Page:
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English Words You Might Be Mixing Up

If you’ve ever found the usage of certain English words confusing, you’re not alone. There are some words that even native English speakers regularly mix up.

Below, we’ll go through the meanings of some easily mixed-up English words. Some of the following words have more than one meaning; we’ll focus on the definitions that best fit each situation.

Affect vs. Effect 

→ Affect: To cause a change by performing an action

The rainy weather really affects my mood; it always makes me feel kind of sad.

→ Effect: A change that results from something happening

The effects of smoking cigarettes include lung disease and emphysema.

There vs. They’re vs. Their

→ There: In that place

Look up there! An eagle is flying right above us!

→ They’re: They are 

I talked to my parents today. They’re coming to visit next month.

Their: Used before a noun to indicate belonging in the third person

My brother and his wife are selling their house and moving to France.

Your vs. You’re 

→ Your: Used before a noun to show possession in the second person

I didn’t recognize you! Your new hairstyle looks so different.

You’re: You are

You’re the best manager I’ve ever worked with.

Its vs. It’s 

→ Its: Used before a noun to show possession by a thing, animal, etc.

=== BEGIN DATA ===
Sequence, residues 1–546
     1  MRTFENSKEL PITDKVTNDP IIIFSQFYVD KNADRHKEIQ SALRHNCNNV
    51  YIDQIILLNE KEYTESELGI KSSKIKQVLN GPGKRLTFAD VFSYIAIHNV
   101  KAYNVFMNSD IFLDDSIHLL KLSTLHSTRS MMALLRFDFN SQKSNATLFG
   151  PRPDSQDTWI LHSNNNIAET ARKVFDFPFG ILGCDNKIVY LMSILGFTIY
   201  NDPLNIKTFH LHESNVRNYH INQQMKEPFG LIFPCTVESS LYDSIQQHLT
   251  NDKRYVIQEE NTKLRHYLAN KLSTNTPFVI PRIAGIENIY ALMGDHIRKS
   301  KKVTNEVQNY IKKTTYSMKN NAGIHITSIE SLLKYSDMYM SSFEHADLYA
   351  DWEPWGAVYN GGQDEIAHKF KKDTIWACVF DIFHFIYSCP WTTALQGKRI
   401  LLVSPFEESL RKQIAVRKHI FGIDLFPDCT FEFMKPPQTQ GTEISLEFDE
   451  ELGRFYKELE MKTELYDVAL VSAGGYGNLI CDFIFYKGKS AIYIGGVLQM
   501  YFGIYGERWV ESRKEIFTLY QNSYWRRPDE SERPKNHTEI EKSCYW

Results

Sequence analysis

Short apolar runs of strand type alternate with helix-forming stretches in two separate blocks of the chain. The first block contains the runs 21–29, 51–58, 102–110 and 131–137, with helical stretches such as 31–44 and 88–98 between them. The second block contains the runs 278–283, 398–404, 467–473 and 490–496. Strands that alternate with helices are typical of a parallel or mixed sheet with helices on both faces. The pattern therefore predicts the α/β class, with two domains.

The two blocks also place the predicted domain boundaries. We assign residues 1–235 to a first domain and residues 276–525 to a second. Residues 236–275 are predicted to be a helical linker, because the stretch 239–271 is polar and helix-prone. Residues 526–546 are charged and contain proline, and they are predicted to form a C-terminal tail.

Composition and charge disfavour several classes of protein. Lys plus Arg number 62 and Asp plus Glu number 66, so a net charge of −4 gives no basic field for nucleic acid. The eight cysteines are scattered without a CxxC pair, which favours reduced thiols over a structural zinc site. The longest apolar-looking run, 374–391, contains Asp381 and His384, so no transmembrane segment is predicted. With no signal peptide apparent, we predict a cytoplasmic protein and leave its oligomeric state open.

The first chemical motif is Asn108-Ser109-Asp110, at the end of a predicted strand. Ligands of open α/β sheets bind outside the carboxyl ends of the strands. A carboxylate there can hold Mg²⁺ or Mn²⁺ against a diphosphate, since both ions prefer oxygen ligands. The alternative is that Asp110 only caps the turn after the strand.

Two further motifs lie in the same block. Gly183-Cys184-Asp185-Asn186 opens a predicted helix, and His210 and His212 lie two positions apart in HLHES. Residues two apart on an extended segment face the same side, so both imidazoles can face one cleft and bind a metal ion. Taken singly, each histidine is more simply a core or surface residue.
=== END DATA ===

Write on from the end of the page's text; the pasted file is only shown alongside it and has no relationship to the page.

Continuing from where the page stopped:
Look at that dog. Its fur looks so soft!

It’s: It is

Make sure to wear a jacket to school—it’s cold out. 

Compliment vs. Complement

→ Compliment: A positive remark about someone or something

To me, the highest compliment is when someone says they like my cooking.

Complement: Something that completes or improves something else

This red wine is the perfect complement to our steak dinner.

e.g. vs. i.e.

→ e.g.: for example (used to provide examples after a statement)

I like outdoor activities, e.g., hiking, snowboarding, and cycling.

→ i.e.: that is (used to explain a statement in more detail)

You will only be considered for the position if you have the right background, i.e., five years of experience in a similar role.

Lay vs. Lie

→ Lay: To carefully put something or someone down, usually in a flat position 

Lay the blanket down on the grass so we can sit on it and have our picnic.

→ Lie: To move oneself into a flat position; to be in a flat position

When I have a headache, I feel better after I lie on my bed for a few hours.

Lead vs. Led

→ Lead: To guide a person or group of people to a destination

Follow me! I’ll lead you to the nearest subway station.

Note: This verb rhymes with “seed.” The metal that’s also called lead and is spelled the same way rhymes with “head.”

→ Led: Past tense of lead

We were really scared when we got lost in the forest, but our friend used her compass and led us back to camp.

Then vs. Than

→ Then: Used to indicate time, e.g., at that time, after that, next

Let’s go to the party first, then we’ll go have a drink at the pub.

Than: Used for comparison

When I was a child, I was a much better piano player than I am now.

Whose vs. Who’s 

→ Whose: Used to ask about possession (who owns something)

Whose car is that parked outside your house?

Who’s: Who is 

Who’s coming to the movie tonight? 

Andrea is a Gabby Academy coach and education technolgy writer based in Vancouver, Canada.